By Joe Holden

PHILADELPHIA (CBS) — Mayor Jim Kenney and city leaders are providing an update on their response to the gun violence epidemic in Philadelphia. So far this year, there have been 103 homicides in the city — up 30% from this time last year.

One case that city leaders highlighted included a 20-year-old who was shot and killed by a 16-year-old, officials say. The shooting happened while the victim was broadcasting live on Instagram.

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Among Philadelphia’s most wanted is Ameen Hurst. He is a 16-year-old accused killer. The teen from Overbrook pulled the trigger in a fatal shooting on Christmas Eve morning, according to detectives.

The Philadelphia Police Department, in a news conference on Wednesday afternoon, highlighted the investigation and manhunt for Hurst, showing teens are not only victims, but some also stand accused of committing the violence.

“This case is, sadly, proof that the gun violence in our city is impacting young lives on both sides of the gun,” an official said.

City leaders have come under intense scrutiny for answers and solutions with homicide numbers ballooning beyond historic 2020 levels.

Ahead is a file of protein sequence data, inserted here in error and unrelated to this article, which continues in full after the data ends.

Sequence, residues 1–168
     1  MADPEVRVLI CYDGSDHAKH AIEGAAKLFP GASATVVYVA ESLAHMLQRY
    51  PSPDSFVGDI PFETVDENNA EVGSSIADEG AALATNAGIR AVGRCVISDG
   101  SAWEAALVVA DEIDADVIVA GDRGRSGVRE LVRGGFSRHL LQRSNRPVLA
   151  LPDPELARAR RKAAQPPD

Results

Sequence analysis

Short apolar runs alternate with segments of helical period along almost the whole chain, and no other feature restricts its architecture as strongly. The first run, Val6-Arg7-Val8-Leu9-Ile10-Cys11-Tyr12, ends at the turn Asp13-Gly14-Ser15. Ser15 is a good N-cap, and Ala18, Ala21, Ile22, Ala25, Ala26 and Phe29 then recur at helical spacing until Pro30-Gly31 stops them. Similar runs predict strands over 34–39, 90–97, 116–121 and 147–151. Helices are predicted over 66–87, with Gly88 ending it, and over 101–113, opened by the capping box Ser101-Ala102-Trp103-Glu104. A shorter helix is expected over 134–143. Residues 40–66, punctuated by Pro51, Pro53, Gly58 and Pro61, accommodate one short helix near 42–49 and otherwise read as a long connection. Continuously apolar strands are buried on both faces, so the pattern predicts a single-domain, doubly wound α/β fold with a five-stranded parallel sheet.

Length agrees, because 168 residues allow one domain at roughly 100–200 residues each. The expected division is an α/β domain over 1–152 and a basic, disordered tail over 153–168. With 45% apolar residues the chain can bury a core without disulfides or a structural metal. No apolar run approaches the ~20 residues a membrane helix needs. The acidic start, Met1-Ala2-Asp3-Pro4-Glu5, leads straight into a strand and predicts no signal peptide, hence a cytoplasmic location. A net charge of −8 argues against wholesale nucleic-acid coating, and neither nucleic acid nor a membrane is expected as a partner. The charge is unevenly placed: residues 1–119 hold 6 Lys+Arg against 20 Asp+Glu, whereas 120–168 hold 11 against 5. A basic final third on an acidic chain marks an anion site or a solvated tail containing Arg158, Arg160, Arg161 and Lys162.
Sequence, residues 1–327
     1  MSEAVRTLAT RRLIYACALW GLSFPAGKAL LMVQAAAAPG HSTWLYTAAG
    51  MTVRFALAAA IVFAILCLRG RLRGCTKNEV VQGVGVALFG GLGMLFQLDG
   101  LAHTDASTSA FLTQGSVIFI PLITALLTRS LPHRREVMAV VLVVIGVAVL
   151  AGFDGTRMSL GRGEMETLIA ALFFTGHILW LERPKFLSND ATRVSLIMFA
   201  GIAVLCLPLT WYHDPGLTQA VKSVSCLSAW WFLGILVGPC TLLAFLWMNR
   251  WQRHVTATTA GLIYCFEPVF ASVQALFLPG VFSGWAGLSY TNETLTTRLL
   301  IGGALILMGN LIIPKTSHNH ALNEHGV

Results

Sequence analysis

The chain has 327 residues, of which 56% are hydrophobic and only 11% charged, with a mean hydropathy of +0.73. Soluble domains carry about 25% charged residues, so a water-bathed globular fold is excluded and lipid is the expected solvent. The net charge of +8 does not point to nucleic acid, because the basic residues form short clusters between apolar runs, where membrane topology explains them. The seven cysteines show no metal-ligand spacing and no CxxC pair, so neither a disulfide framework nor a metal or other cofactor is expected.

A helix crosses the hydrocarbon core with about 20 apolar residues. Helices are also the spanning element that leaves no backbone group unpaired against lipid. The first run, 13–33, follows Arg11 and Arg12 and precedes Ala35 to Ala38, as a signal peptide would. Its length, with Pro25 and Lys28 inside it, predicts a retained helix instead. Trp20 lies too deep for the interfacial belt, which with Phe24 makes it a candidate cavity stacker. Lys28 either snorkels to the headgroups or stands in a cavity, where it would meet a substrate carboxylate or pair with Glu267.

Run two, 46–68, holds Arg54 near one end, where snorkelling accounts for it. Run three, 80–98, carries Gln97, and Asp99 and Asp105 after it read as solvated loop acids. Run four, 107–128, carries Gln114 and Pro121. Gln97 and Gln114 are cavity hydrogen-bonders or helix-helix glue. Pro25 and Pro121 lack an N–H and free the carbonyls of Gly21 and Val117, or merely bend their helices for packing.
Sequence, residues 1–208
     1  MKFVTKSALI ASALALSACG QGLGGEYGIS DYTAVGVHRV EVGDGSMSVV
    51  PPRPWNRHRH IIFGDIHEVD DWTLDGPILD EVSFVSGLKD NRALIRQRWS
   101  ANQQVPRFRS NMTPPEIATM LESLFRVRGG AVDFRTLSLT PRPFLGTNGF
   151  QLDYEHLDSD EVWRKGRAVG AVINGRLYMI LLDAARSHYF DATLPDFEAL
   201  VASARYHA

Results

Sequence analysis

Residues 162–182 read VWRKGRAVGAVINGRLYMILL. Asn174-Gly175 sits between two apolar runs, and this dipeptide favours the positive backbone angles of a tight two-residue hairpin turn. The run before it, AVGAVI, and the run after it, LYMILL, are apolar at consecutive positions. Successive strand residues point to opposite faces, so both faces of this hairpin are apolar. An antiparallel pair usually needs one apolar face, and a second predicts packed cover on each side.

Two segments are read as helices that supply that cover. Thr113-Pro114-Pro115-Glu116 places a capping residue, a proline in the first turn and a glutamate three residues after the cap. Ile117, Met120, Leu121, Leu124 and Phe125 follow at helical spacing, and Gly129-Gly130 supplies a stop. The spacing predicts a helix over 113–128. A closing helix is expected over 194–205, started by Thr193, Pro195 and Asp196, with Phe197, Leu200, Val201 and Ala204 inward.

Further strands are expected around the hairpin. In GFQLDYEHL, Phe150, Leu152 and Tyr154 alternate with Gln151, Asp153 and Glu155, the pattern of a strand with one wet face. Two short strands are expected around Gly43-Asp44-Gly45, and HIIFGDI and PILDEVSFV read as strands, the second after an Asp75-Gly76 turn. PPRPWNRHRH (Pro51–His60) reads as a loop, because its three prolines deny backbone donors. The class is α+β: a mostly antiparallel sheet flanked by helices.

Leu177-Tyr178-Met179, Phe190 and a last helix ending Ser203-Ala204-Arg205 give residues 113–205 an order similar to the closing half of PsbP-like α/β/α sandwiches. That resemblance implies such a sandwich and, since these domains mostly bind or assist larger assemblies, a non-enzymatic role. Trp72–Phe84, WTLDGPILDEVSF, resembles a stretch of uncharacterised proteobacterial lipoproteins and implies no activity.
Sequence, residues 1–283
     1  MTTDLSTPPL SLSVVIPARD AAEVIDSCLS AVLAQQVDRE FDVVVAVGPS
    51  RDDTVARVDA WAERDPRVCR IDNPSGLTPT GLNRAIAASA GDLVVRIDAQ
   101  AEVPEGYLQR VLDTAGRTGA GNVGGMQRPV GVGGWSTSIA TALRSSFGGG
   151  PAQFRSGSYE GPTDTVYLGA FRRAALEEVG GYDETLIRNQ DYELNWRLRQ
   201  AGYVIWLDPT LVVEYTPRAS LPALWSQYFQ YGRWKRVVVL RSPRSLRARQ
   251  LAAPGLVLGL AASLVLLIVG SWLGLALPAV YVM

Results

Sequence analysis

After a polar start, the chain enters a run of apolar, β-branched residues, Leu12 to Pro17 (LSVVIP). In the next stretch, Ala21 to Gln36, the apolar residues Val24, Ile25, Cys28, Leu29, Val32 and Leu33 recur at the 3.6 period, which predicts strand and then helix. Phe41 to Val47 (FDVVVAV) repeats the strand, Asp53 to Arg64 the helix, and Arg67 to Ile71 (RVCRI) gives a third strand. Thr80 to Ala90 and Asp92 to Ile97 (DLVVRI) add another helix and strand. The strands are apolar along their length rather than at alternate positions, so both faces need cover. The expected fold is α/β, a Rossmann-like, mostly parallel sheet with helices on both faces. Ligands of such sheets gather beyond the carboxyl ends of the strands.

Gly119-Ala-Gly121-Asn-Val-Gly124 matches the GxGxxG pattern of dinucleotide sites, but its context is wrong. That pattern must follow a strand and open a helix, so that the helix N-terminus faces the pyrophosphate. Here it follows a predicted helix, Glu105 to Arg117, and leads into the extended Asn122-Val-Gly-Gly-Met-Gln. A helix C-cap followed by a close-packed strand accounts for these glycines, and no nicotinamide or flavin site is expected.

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Officials have pledged to hold bi-weekly updates.

Commanding officers showed hotspots identifying areas of the city with the most homicides and shootings — Kensington, Logan, Frankford were all shaded in red, highlighting where the most blood has been shed.

“2021 is on track to be the most violent year we’ve experienced in our lifetimes. We’re less than three months in and we’ve already lost more than 100 people to gun violence. It makes me absolutely sick to know so many Philadelphians have suffered these preventable deaths,” Kenney said.

In promoting greater transparency, CBS3 also pressed police department leaders to align with every other Pennsylvania county in releasing official charging documents, known as affidavits of probable cause. Those court documents outline specific allegations made against a defendant.

“I’d be happy to explore that moving forward,” Police Commissioner Danielle Outlaw said.

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Criminal justice experts say releasing those documents would only increase transparency when it comes to how police investigate cases and make arrests.